9. In patients with mild-moderate ulcerative proctosigmoiditis or proctitis being treated with rectal therapy who are intolerant of or refractory to mesalamine suppositories, use rectal corticosteroid therapy rather than no therapy for induction of remission. (Conditional recommendation, low-quality evidence)

  10. In patients with mild-moderate UC refractory to optimized oral and rectal 5-ASA, regardless of disease extent, add either oral prednisone or budesonide MMX. (Conditional recommendation, low-quality evidence)

  11. In patients with mild-moderate UC , AGA makes no recommendation for use of probiotics. (No recommendation, knowledge gap)

  12. In patients with mild-moderate UC despite 5-ASA therapy, AGA makes no recommendation for use of curcumin. (No recommendation, knowledge gap)

  13. In patients with mild-moderate UC without Clostridium difficile infection, AGA recommends fecal microbiota transplantation be performed only in the context of a clinical trial. (No recommendation for treatment of ulcerative colitis, knowledge gap)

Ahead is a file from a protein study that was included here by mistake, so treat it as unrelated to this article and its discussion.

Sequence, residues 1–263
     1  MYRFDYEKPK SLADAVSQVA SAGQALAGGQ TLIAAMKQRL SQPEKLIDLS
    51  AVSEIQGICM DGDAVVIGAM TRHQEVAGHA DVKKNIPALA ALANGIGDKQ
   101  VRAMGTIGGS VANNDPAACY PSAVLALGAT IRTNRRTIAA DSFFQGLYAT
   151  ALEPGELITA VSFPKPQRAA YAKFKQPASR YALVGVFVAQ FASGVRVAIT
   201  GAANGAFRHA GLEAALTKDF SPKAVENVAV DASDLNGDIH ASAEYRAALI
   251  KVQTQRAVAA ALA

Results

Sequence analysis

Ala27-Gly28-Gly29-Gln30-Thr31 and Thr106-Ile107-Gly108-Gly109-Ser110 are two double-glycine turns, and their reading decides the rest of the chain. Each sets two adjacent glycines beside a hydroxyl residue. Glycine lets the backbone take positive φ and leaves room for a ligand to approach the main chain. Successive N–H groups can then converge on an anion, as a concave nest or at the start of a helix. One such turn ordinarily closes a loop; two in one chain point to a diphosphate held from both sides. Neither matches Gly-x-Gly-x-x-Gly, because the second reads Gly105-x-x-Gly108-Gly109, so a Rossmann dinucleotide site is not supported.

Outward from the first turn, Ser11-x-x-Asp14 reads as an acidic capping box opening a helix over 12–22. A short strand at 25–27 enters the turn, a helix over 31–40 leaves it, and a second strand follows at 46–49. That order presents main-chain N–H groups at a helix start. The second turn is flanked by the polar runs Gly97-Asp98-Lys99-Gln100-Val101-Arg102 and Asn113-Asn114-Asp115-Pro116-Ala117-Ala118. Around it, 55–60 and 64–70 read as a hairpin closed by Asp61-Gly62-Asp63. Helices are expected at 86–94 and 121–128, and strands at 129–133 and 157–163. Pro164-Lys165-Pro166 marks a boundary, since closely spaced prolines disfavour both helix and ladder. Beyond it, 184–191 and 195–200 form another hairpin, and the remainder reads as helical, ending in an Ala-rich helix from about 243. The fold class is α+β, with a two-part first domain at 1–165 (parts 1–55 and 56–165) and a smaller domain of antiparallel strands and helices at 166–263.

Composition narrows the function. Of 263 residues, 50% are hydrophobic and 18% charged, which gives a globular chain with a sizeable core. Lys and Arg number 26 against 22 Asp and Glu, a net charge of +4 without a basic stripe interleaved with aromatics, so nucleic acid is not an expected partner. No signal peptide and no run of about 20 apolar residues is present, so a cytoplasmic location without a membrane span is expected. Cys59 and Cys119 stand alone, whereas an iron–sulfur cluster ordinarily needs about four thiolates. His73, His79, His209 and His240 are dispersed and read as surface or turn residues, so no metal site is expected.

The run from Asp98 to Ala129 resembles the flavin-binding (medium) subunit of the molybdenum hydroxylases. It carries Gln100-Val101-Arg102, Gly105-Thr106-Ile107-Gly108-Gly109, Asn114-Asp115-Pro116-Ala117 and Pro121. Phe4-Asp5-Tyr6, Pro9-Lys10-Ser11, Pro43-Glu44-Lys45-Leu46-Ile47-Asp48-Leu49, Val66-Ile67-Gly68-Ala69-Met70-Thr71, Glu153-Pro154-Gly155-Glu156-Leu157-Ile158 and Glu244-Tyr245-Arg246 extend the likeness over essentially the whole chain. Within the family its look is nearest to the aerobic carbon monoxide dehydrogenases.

Ulcerative colitis (UC) is an inflammatory bowel disease (IBD) that is most frequently seen in young adults. It is a chronic illness, of which the severity is classified as mild-to-moderate or moderate-to-severe. Most patients experience mild-to-moderate symptoms, with periods of remission and relapse. About 15 to 30 percent of patients with IBD have a family member with the disease. There is research underway to find out if a certain gene or a group of genes makes a person more likely to have IBD.

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The guideline is accompanied by a technical review: that is a compilation of the clinical evidence based on which these recommendations were framed.

Read the “American Gastroenterological Association Institute Guideline on the Management of Mild-to-Moderate Ulcerative Colitis” to review the complete treatment recommendations.